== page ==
The greening of institutional policies should reflect the collective belief of all staff members that caring for the environment in which we live and the need to take action to keep climate and ecological conditions at an appropriate level is a basic indicator for the institution’s operations. In this Guide, we assume institutional policy is expressed as a strategic document (eco-strategy) and is a sum of the activities and practices derived from specific values and goals. It is important that the policy of the institution should be an expression of activities undertaken by the team and that the strategy reflect the everyday practices related to the neighbourhood, production, technology and communication, etc. It is also important that it respond to the present and future challenges. The institution’s eco-policy should be shaped from the bottom up, rather than being imposed from above. Only then does it have a chance to function in practice and not act as a dead document full of declarations. It is also important that it is an open and verifiable document that responds to dynamically occurring changes. The institution’s policy must be defined in a participatory manner, with the whole team.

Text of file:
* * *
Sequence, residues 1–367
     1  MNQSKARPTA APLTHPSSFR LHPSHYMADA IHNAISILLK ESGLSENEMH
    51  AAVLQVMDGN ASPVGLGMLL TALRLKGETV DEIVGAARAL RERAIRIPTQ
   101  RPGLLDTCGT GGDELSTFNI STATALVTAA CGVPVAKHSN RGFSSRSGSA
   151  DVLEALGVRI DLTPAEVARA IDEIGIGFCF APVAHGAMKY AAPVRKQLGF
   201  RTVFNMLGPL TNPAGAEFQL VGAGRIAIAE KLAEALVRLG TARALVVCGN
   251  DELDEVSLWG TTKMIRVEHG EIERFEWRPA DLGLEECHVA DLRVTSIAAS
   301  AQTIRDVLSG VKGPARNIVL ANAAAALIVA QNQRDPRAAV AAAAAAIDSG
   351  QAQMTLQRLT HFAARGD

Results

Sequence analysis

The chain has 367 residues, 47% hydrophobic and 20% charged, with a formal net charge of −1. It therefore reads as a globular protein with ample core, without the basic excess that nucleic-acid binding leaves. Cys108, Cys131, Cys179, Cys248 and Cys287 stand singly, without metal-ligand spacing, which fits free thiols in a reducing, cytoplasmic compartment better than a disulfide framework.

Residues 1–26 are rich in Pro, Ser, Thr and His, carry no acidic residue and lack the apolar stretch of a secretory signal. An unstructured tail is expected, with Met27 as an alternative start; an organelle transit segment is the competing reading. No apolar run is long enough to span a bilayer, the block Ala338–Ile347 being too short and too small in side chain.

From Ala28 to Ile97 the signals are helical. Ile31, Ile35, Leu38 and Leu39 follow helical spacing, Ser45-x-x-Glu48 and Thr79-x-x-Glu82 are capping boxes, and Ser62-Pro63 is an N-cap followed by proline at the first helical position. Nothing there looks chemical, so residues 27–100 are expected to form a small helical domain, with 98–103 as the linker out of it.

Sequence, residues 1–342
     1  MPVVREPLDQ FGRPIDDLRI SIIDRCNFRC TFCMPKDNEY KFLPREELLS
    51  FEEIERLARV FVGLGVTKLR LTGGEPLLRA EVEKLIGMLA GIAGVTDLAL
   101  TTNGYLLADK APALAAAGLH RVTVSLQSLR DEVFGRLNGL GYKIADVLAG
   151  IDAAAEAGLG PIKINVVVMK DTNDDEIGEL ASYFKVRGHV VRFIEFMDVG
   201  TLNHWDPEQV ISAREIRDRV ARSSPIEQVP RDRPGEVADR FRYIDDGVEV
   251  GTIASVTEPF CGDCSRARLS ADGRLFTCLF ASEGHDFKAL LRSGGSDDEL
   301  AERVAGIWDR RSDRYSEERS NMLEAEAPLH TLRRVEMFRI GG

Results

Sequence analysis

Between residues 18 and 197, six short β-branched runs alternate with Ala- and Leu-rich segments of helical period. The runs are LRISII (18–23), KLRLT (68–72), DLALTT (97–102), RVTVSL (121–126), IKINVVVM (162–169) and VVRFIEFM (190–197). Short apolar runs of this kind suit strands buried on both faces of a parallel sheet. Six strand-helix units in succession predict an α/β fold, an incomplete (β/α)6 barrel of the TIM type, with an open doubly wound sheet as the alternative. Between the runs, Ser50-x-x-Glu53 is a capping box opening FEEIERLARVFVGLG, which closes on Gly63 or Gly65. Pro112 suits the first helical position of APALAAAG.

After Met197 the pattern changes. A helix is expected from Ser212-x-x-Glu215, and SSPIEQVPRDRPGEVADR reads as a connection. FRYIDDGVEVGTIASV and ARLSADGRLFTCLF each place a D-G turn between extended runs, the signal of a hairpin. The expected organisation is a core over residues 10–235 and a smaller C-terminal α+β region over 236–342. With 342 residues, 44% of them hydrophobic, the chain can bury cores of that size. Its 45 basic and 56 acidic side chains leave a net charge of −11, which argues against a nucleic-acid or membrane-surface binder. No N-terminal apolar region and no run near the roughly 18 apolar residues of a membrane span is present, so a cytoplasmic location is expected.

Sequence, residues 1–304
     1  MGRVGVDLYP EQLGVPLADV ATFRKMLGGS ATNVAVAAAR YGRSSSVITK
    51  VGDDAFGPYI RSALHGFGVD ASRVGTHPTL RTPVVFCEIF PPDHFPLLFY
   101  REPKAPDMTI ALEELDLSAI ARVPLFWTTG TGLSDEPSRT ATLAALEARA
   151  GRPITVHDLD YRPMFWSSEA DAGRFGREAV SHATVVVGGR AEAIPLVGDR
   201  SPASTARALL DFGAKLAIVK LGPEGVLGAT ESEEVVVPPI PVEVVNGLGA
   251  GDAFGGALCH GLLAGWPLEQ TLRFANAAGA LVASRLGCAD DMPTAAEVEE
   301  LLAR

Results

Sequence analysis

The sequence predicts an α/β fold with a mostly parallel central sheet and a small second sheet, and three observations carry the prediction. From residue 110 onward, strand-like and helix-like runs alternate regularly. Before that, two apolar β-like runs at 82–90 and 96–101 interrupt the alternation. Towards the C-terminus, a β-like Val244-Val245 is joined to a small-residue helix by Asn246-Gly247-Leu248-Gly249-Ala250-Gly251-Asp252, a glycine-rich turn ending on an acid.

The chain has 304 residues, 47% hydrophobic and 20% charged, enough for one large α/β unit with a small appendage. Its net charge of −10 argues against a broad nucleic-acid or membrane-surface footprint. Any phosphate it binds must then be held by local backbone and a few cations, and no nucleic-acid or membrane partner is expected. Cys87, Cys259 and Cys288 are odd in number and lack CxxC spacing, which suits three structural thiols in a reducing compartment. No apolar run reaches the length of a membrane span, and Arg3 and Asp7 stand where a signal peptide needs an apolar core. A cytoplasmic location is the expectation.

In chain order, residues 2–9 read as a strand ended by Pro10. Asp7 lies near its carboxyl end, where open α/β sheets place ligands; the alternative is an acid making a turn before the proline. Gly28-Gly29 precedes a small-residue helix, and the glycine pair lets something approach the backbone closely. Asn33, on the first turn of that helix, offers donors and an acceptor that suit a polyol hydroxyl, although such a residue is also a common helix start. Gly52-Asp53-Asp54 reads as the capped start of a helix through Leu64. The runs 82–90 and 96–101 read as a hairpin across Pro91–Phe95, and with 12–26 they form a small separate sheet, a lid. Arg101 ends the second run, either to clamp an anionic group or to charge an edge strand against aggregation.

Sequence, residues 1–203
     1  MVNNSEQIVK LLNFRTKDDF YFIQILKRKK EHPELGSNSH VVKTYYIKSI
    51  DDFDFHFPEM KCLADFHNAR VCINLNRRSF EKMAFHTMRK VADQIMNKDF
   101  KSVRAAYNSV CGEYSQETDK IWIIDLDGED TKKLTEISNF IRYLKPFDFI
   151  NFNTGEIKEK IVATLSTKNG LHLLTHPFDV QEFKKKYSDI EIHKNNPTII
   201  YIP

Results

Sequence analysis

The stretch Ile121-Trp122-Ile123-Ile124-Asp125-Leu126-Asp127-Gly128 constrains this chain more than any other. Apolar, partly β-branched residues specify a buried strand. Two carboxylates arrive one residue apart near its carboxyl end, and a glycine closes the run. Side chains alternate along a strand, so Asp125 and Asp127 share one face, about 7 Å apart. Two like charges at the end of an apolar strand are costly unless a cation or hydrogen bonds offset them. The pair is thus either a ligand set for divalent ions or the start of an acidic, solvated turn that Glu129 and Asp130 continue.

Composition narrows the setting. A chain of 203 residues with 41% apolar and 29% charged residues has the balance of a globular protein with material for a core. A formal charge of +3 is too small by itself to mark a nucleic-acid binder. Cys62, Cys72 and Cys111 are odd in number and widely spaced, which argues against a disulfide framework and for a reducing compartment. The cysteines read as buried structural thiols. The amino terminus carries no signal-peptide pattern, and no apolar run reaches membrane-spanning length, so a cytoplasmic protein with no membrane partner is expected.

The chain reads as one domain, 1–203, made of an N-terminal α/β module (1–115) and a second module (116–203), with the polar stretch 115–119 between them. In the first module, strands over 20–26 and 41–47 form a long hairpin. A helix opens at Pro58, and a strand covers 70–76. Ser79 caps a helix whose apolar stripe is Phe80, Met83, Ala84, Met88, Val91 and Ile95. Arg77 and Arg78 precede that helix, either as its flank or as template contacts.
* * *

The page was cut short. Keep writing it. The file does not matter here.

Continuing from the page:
The work on ecologising institutional policy does not have to wait until ecological programme and operational activities have been developed at your institution. These processes can, and ideally should, occur in parallel. What matters in institutional policy is that it should be understood and supported by the whole team. That is why it is especially important to pay attention to teamwork and universality, i.e. ensure that every employee has been included. As in other areas, we recommend starting with a diagnosis.
Mapping the ongoing changes and current needs should be undertaken on several levels: both those located inside the institution, based on the practices and needs of individual employees, and those outside which the institution can respond to, i.e. global challenges posed by the effects of climate change and ecological crises. In the first step, it is best to take care of the process of non-intrusive education, i.e. one that will be integrated with the functioning of the institution.